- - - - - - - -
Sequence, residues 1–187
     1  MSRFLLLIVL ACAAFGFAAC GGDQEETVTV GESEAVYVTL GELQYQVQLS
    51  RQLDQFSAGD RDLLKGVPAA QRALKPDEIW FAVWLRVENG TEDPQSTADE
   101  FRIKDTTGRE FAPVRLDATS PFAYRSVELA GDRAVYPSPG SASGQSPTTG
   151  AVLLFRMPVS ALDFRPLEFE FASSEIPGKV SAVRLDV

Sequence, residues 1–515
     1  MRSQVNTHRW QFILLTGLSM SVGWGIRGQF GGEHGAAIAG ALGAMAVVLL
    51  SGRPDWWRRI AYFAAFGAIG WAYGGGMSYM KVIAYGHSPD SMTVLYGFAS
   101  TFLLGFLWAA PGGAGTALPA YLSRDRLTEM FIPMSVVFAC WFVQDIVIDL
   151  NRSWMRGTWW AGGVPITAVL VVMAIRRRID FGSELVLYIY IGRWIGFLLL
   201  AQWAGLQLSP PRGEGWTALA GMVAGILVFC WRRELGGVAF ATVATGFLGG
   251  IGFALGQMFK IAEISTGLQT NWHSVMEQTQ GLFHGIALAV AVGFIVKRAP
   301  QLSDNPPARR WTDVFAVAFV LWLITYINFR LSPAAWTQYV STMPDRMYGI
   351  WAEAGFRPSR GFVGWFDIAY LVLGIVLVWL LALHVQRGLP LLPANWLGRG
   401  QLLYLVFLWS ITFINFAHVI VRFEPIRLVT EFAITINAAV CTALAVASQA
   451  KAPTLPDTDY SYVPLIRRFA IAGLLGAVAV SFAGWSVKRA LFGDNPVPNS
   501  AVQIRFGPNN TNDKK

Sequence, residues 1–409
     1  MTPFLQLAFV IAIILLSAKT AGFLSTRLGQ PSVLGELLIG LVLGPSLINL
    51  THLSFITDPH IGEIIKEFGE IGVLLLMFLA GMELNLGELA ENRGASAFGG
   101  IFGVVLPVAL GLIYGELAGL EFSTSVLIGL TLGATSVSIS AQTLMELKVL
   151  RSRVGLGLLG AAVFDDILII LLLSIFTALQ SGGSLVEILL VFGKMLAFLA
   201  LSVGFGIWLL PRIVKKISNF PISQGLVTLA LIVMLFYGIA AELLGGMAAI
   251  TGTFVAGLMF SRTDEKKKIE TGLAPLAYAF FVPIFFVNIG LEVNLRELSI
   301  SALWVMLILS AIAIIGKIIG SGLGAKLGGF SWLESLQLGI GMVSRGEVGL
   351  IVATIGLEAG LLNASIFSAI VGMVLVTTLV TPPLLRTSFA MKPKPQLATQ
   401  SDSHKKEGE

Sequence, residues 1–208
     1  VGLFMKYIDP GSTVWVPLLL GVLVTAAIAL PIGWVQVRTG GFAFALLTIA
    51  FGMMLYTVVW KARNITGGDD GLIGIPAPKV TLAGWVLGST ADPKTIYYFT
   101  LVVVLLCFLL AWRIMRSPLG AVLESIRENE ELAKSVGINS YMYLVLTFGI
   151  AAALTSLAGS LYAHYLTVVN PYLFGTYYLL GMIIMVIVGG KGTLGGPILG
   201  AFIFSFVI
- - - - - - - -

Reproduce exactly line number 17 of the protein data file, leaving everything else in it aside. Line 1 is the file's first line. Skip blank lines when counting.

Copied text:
   501  AVQIRFGPNN TNDKK